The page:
Page:Southern Historical Society Papers volume 16.djvu/227
The Merrimac and Monitor. 221
Mr. Ericsson, if he was the author of a communication which had been attributed to him, stated that she was quite a new vessel, and that he had built her partly as an admonition to the British govern- ment. He (the Duke of Somerset) was obliged to the people of America for their admonition, and still more obliged to them for their experiments. If they would only make a few more of these experi- ments they would save the naval authorities in this country a good deal of trouble in firing at their target at Shoeburyness. The Afoiii- tor appeared to be something between a raft and a diving-bell. She was only two feet above water when the water was smooth. It was impossible to stand on her deck, and except in a calm sea her deck would be under water.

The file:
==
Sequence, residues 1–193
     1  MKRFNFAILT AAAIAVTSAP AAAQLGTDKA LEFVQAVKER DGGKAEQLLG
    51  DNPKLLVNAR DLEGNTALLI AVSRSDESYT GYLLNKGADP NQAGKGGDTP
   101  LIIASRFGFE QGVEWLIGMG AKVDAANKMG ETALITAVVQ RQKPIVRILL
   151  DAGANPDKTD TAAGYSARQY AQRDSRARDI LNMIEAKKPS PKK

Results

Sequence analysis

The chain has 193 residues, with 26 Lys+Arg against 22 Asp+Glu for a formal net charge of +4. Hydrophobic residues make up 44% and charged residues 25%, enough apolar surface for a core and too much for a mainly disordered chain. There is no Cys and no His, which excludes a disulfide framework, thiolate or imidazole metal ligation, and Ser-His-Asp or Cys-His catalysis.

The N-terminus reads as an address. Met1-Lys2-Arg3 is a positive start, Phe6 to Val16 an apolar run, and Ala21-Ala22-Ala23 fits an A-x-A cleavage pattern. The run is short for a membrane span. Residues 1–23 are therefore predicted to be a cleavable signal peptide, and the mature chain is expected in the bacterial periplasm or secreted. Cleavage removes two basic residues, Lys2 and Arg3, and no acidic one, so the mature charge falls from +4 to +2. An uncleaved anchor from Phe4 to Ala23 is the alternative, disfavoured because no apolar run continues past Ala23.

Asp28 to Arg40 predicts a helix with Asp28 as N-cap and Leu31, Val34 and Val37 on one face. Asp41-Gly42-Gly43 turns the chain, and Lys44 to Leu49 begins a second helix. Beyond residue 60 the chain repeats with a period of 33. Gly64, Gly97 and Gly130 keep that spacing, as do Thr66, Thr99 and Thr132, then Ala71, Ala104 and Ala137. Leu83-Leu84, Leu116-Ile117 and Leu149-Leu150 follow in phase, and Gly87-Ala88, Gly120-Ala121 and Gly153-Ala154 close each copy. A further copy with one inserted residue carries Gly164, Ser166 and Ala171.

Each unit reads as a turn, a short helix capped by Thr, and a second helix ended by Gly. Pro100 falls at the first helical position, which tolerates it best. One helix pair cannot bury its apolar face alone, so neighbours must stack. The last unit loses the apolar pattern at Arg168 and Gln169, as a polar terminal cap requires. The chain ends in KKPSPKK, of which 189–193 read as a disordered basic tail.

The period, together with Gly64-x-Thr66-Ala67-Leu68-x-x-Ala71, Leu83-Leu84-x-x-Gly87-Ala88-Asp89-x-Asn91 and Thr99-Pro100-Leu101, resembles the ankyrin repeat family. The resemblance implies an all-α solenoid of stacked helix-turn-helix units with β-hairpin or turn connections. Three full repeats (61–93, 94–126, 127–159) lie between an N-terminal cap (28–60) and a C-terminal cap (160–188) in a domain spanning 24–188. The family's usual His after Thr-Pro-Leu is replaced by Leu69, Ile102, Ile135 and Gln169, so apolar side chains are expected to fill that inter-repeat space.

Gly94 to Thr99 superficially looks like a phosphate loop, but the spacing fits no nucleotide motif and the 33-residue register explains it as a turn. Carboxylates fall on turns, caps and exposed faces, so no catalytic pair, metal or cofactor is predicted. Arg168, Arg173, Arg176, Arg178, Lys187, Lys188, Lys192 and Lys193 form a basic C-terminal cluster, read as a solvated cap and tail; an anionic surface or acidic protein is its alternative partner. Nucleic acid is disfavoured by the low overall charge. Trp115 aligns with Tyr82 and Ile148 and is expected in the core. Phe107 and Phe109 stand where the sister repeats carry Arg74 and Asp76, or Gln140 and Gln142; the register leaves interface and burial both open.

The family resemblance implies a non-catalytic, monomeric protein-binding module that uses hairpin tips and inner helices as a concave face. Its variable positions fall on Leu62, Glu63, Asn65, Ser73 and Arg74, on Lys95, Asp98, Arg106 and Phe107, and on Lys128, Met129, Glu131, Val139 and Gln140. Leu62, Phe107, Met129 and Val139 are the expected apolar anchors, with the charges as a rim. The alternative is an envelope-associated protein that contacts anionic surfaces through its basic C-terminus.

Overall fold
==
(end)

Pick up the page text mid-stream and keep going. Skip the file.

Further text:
Her crew, therefore, had to live under water, and to breath through a pipe that came down through the deck. She had a cupola that was plated with layers of iron of one inch of thickness over another; and it was found that such a plate was much less solid than iron of the same thickness formed of one mass. He also learned from an account published in a Montreal paper that the Monitor, in her voyage from New York, was very near being lost ; that the waves broke over and extinguished her fires, and that but for a steamer which was employed to tow her, she must have gone down ; and further, that her crew narrowly escaped suffocation during the fight ; that living in such a vessel was a sort of Calcutta Blackhole exis- tence, and that the eyes and nose of nearly every man at the guns literally shed blood. Another important question was the nature of the armament which these vessels carried. All the American guns were Dahlgren, or shell guns, and every one knew that shells were wholly ineffective against iron plates. The force, too, with which a projectile struck depended on its velocity, and it appeared that the velocity of the shells fired from the Dahlgren, which was a rifled gun, was only nine hundred feet per second, while our 68-pounders gave a velocity of fifteen hundred feet per second. The velocity of a pro- jectile from a smooth-bore gun, at a distance of only two hundred yards, was much greater than that of a rifled gun, and amounted to seventeen hundred feet per second. Now his belief was, that those American vessels would not have withstood such a shock as that, and in all probability, before the lapse of two years, much larger guns would be constructed and we should have to come back to smooth- bore guns for firing at near objects. We should require three classes of vessels. There must be fast sailing ships as well as heavily armed vessels. It was said recently, when a force was sent to Canada,